Success in Trading Options Is a Numbers Game
09/14/2010 12:01 am EST
By Fred Oltarsh
Compiling information that can help traders initiate options and futures positions is a difficult task. However, many experienced traders look at the same information on a daily basis. My goal is to share the options and futures information that traders find useful with those who don’t ordinarily know where to look. The chart below provides daily settlement information, which helps traders understand historical and implied volatility, skew, options settlement information, and statistics regarding average trading range, relative strength, volume and open interest, and other useful information.
Wheat was the most volatile commodity today. It moved down 3.30%. The implied volatility of wheat, however, remained below both its 30- and 60-day historical volatility. I’m sure wheat won’t trade below its historical volatility forever, but it’s trading at a discount now and to not consider putting on a long vega, long gamma options position would be a shame. If you don’t have a market bias in wheat, comparatively cheap options can provide interesting trading opportunities with the purchase of straddles or strangles. If you’ve never traded a long gamma position, it is potentially quite entertaining and profitable. Call me to discuss the possibilities.
On a nightly basis, I analyze the information contained in the chart below and use that information to help clients establish the best positions possible to meet their trading goals. All options traders should understand the importance of implied volatility as it relates to historical volatility. They must understand the subtleties of each futures contract and the leverage it provides. Trading options contracts without the appropriate information and knowledge puts the trader at a distinct disadvantage.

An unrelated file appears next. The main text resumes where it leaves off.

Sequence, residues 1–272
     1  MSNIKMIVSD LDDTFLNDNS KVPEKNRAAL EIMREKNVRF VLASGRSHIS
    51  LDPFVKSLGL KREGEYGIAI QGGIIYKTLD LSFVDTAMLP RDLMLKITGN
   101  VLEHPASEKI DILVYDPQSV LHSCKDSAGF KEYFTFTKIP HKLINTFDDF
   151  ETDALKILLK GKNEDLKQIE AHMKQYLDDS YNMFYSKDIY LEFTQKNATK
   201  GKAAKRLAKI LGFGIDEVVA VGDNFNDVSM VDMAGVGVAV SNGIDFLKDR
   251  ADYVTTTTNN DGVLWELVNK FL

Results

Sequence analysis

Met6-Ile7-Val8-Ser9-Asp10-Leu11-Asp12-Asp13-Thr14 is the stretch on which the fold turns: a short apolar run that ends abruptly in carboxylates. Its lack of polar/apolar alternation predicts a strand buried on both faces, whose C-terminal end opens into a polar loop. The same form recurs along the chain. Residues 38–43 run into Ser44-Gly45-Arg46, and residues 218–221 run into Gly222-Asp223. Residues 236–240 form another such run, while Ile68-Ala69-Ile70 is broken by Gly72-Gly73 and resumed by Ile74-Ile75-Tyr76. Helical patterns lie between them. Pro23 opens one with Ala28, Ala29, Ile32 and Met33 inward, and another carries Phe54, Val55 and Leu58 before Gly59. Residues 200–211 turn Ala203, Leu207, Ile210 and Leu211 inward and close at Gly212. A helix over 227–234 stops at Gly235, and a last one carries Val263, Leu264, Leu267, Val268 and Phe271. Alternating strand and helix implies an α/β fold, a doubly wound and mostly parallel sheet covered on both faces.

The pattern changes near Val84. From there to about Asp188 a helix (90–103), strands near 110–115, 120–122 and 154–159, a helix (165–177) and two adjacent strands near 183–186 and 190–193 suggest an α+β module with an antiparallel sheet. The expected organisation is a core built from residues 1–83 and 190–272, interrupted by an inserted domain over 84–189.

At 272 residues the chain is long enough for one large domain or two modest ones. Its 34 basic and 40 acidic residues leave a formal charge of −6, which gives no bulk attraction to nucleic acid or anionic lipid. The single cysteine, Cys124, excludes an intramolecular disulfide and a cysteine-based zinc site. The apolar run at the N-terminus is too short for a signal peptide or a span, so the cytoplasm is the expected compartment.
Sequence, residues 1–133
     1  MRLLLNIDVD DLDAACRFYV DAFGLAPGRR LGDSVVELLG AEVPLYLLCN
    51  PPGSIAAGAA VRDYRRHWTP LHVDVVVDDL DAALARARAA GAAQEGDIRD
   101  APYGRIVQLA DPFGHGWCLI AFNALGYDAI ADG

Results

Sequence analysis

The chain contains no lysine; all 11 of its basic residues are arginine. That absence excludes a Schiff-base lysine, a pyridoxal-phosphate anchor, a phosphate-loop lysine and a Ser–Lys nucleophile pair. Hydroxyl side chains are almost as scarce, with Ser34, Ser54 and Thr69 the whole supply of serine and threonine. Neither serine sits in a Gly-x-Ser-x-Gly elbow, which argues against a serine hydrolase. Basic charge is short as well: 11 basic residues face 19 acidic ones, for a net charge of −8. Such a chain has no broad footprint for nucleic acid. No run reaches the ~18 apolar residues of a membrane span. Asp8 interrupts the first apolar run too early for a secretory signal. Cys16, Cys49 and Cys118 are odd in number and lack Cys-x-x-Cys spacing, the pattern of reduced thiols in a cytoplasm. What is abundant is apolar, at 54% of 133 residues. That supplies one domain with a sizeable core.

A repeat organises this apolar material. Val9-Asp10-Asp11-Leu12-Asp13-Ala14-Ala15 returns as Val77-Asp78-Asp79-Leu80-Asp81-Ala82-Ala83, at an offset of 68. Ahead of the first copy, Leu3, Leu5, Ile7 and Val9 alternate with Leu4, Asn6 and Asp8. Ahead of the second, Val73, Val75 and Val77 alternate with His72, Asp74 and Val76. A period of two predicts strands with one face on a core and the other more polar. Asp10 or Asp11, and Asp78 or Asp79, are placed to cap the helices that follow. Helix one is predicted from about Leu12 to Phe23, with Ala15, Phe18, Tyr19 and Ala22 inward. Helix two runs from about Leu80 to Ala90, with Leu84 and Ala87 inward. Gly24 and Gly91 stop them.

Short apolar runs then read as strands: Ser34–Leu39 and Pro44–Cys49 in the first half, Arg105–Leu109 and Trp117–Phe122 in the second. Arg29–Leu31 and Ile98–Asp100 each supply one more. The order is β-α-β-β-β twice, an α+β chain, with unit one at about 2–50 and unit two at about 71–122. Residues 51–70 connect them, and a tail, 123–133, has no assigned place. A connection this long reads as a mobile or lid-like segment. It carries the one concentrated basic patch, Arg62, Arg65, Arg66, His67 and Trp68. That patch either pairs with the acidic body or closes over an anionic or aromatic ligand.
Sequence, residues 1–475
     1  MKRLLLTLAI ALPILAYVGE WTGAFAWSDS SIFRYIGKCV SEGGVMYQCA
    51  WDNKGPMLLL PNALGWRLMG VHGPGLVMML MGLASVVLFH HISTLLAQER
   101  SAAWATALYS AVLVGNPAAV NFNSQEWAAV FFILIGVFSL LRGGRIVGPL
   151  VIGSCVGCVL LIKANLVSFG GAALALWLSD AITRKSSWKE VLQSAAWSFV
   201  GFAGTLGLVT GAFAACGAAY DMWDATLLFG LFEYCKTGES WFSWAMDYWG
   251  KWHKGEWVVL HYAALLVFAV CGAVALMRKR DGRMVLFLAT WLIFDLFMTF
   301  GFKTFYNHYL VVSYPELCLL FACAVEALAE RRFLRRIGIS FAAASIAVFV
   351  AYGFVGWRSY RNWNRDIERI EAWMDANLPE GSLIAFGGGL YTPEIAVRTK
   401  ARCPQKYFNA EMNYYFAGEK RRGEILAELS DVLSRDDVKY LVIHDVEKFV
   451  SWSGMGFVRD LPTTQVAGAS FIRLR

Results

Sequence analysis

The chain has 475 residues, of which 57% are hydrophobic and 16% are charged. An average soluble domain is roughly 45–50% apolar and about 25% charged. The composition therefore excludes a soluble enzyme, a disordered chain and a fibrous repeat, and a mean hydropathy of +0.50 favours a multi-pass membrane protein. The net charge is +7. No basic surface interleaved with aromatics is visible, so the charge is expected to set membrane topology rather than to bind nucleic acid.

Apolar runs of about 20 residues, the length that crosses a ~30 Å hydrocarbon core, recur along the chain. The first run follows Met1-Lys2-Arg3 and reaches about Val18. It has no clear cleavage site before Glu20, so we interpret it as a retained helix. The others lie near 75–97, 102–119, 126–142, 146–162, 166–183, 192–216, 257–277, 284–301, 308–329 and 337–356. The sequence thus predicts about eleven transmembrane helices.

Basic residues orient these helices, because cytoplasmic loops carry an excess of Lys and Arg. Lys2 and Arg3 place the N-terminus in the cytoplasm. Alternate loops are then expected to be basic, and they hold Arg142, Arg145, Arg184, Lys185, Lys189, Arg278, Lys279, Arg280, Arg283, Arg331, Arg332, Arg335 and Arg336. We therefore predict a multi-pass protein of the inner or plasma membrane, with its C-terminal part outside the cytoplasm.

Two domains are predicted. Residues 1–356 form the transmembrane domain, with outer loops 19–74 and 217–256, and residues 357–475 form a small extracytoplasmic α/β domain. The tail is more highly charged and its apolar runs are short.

The chart below is designed to provide information that options traders need. I used this information as an options market maker and as head of risk at NYBOT/ICE Futures.
Here’s an explanation of some of the lesser-known columns:
There is the 20-day average trading range and its dollar value followed by the Relative Strength Index (RSI), a measure of overbought or oversold situations.
“Mgn on His” and “Imp” represents our calculation of reasonable margins based on the average of the ten-, 30-, and 60-day historical volatility and the implied volatility.
“Con Val” is the current value of the contract and “%CV” is the margin as a percentage of the contract value.
“MGN on Imp Vol” is a margin calculation based on just implied volatility. (These margins are our own estimate of reasonable margins and should be used for analytical purposes only—they are not exchange margins. Margin estimates are always too high or too low, but are interesting for risk analysis purposes.)
“Skew” represents the direction of the options skew in the market.
“OPT DTE” is option days to expiration.
“S. Call” and “S. Put” are the settlement price of the at-the-money strike.
“30-D Dif” and “60-D Dif” is the difference between the implied volatility and the 30- and 60-day historical volatilities.If you have any questions pertaining to how to use this chart or would like to discuss certain market opinions, please feel free to call me at 347/949-4546 or 212/383-9453 or contact me by e-mail at email@example.com